That de-esculated quickly
Less than a week ago more than 12,000 gamers upvoted a Reddit post calling for a widespread boycott of For Honor on April 3. The boycott, deemed The Blackout by the organizer, was supposed to be a unified effort by the entire community to show Ubisoft that they would not continue supporting the game if their voices were not heard. Unfortunately, their attempt to make a unified stance already seems to be crumbling apart. The day before the boycott, players stand divided about whether or not the boycott should go on. The boycott’s organizer, jbaayoun, shared an update to the original post suggesting that the community should call the entire thing off. Why? Ubisoft’s latest live stream announced some new changes on the way for the game and a new patch has addressed many of the problems that have been leaving For Honor players vexed in the first place. The catch is that some of the supporters on Reddit feel like Ubisoft has trapped them in a never ending cycle of empty promises and patches that fall short.
For Honor is a game that boasts a ton of potential that hasn’t been allowed to shine through a seemingly impenetrable wall of technical issues. Ever since For Honor first hit the market, the community has been complaining about the game’s unstable servers, poor matchmaking and a microtransaction-driven cash grab that would ultimately cost players roughly $700 to have access to everything in the game. To be fair, Ubisoft has made claims that they will be working on some of these issues and they have since released patches for the game that are aimed at solving some of these complaints. The problem, however, is that these patches may be too little too late. Gamers continue to complain about For Honor’s match making issues and one player even became a viral hit after he managed to create miniature replicas of For Honor weapons during the time it took him to be placed in a game. Even worse, he noted, sometimes those long load screens resulted in getting booted from a game or playing alongside bots.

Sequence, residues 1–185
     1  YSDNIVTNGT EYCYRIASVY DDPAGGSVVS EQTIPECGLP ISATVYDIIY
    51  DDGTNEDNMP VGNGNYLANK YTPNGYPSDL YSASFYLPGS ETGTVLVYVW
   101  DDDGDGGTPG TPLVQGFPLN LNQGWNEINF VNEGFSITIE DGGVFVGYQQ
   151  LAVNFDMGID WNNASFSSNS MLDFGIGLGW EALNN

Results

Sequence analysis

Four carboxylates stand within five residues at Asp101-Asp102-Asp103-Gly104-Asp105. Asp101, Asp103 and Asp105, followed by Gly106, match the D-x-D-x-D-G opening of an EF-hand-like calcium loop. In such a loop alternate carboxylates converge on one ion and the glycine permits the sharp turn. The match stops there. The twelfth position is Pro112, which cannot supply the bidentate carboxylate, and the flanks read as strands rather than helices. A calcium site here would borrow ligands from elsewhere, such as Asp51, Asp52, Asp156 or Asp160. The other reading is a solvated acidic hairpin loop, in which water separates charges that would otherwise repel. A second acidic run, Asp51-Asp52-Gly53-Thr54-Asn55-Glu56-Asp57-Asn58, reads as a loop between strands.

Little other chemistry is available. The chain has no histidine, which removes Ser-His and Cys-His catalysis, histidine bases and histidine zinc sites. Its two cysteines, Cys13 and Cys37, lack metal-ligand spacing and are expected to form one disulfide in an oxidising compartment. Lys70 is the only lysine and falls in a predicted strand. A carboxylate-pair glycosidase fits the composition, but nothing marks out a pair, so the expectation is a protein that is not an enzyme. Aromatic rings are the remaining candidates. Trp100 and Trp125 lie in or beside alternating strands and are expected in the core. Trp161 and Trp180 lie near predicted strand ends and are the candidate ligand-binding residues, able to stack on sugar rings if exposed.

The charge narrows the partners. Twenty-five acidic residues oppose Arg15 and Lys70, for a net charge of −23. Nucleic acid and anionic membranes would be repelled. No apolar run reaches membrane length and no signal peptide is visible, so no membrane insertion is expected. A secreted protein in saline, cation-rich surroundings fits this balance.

So what did the For Honor community decide to do about this? They rallied together and planned a massive boycott of the game that would start on April 3 at 5 am EST. The effort was even organized enough to have a specific list of demands that Ubisoft should meet if they wanted to regain their lost community of players. This list included better communication from Ubisoft regarding new updates, making adjustments to the award system for steel so players don’t feel forced to purchase it and, to nobody’s surprise, a much better system for matchmaking. These are all things that were whether addressed in For Honor’s latest patch released on March 30 or mentioned in Ubisoft’s latest live stream. This was enough to satisfy the boycott’s organizer along with many other supporters but others feel that Ubisoft is still not taking players’ concerns seriously.
Now the community can’t seem to decide if they should trust in Ubisoft’s ability to finally allow For Honor to live up to its potential or if the scheduled boycott should continue regardless of the recent patch and new string of promises.
Only time will tell how many For Honor players follow through with the boycott despite the recent patch. One thing does seem to be pretty clear, however. Ubisoft is trying. At the very least, they are trying.